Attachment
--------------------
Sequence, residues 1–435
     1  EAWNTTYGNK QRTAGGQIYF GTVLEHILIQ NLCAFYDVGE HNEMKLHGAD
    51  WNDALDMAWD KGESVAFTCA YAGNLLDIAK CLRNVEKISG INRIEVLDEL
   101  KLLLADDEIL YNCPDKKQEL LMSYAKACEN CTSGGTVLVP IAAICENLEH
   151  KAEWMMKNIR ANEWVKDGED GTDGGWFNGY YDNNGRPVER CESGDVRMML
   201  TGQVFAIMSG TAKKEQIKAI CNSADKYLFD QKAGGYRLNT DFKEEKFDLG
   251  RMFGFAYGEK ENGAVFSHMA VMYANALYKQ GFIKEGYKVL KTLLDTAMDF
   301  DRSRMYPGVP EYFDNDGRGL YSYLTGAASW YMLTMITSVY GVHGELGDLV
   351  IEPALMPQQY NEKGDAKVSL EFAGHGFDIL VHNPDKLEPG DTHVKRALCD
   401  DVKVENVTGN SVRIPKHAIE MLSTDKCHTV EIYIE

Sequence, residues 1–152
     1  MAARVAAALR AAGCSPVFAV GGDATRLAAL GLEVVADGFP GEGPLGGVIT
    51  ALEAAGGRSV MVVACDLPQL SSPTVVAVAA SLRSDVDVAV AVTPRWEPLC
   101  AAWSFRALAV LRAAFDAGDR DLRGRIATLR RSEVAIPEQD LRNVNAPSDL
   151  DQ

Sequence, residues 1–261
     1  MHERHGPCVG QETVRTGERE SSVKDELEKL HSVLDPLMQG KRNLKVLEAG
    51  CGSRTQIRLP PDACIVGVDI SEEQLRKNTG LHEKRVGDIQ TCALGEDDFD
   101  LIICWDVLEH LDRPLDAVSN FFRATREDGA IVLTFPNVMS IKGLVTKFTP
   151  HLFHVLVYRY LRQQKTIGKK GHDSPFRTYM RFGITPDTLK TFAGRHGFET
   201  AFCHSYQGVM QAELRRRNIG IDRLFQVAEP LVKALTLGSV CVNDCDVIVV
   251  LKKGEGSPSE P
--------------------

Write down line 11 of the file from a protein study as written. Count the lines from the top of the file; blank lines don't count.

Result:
Sequence, residues 1–152